Understanding the pinMode in the Hardware way...?

Can anyone explain me what is happening inside the Arduino Hardware when the command

pinMode(2,OUTPUT);

is executed?

Noob here Please explain ( :grin: ) using a simple circuit? if possible

Inside the Arduino's processor on each pin is a switch, it switches the pin between the output push pull drivers and the input latch.

books.org/wiki/Digital_Circuits/Latches

See section 14 of the datasheet for the electronics.
The code makes sure the appropriate registers are set - data direction register, pullup register, etc. - and then output is commanded high or low.
You can check that out in the code for digitalWrite.

Can anyone explain me what is happening inside the Arduino Hardware when the command
Code:

pinMode(2,OUTPUT);

is executed?

It would seem that all you need to know is that a digital pin is configured as an OUTPUT as opposed to an
INPUT, with all of the ramifications that implies. (ie; INPUT =HIGH IMPEDANCE, OUTPUT = LOW IMPEDANCE)

What else could you need to know ?

Look at the code for pinMode () - this is open source, you have the source and you
are allowed (encouraged even) to look at it.

The direct register manipulation version of pinMode is to write the relevant bit in
DDRx, the data direction register for the relevant port (replace x by B, C or whatever),
although INPUT_PULLUP mode also affects the bit in PORTx register

The DDR doesn't switch the pin between input and output, it just enables/disables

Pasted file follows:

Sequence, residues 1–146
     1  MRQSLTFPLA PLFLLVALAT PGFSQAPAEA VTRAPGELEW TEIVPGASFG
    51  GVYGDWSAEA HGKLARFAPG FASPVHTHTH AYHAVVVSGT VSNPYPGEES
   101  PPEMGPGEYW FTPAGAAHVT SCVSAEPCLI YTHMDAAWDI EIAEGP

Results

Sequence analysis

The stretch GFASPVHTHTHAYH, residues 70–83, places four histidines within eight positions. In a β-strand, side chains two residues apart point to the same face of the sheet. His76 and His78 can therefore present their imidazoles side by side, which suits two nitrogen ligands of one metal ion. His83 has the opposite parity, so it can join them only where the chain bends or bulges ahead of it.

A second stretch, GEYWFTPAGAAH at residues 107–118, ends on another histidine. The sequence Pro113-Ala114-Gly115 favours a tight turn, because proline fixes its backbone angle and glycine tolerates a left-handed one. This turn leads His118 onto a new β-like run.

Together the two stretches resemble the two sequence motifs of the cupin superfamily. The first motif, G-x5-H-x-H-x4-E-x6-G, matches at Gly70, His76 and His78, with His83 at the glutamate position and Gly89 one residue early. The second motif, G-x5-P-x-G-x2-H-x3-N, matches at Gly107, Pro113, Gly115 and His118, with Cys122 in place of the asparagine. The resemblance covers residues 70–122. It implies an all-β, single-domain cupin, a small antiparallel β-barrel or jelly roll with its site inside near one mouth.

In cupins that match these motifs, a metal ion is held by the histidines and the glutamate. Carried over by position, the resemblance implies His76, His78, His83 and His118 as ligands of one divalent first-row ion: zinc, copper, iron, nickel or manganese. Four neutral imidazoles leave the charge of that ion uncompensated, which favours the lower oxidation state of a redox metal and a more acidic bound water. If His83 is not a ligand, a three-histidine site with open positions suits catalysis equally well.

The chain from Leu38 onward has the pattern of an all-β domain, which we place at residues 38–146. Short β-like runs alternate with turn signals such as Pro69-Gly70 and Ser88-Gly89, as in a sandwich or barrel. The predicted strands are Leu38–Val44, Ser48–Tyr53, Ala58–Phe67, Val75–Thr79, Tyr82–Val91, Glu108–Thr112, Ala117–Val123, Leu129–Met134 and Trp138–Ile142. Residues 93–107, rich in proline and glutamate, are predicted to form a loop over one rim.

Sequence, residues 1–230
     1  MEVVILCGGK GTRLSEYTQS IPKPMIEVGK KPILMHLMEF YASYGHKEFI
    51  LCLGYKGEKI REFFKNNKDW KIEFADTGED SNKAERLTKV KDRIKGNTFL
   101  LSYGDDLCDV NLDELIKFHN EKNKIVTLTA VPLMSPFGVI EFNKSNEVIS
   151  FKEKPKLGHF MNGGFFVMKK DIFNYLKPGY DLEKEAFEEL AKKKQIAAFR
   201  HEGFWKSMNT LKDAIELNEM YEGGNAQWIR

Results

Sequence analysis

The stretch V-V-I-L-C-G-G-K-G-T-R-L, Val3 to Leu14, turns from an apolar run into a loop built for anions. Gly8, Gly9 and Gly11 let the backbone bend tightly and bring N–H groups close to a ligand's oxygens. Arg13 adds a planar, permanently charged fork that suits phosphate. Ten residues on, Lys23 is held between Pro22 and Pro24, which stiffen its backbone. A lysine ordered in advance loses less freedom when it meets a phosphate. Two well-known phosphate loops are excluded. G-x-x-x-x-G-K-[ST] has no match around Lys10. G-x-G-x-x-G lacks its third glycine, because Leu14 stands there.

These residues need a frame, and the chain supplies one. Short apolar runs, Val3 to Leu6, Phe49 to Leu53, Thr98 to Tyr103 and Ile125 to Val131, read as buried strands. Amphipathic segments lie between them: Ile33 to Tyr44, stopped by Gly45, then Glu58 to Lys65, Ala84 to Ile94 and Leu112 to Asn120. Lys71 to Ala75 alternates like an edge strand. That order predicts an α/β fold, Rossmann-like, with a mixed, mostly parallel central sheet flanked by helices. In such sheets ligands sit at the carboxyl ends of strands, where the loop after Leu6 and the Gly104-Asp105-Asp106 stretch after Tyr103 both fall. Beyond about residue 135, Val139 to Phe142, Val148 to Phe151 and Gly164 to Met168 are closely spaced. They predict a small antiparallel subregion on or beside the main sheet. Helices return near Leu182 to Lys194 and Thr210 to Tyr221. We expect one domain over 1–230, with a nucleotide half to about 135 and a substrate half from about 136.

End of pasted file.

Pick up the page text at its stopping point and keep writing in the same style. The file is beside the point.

the output driver FETs - an OUTPUT pin can still be read as an INPUT (even though
you ought to know what state its in!). This is occasionally very useful, for instance
you can use a PWM output to trigger a pin-change interrupt in synchrony with the
waveform generated.

Figure 13-2 in the datasheet shows the pad circuitry for an Arduino pin.

[caveat - this discussion only applies to the ATmega series of microcontrollers, Uno,
Micro, Nano, Leonardo, but not Due/Yun etc ]

an OUTPUT pin can still be read as an INPUT

So you're saying you can do this ?:

pinMode(2,OUTPUT);

int pin2_state = digitalRead(2);

MarkT:
This is occasionally very useful, for instance
you can use a PWM output to trigger a pin-change interrupt in synchrony with the
waveform generated.

That's pretty neat! I'll keep this one in mind.

raschemmel:
So you're saying you can do this ?:

pinMode(2,OUTPUT);

int pin2_state = digitalRead(2);

Absolutly. and it can be useful if you have many sections of code changing the output state of a pin. In reality it is more efficernt to store the output state as a variable and go from there....

Grumpy_Mike:
Inside the Arduino’s processor on each pin is a switch, it switches the pin between the output push pull drivers and the input latch.

That was misleading. It does no such thing.

The pin is always connected to the input circuitry, so no “switching” occurs in this respect. In fact, the output drivers are always connected too, but the “high” driver and the “low” driver are separately controlled. When the pin is defined as an input, both the “high” driver and the “low” driver are kept switched off. When the pin is defined as an output, the “high” driver and the “low” driver are alternately switched on according to whether the output is set to be a high or a low. This is referred to as a “Tri-state driver”.

In short, the output drivers are disabled whilever the pin is defined as an input.

Paul I always thought I was pedantic but you just take the biscuit. What a grand teaching style you have.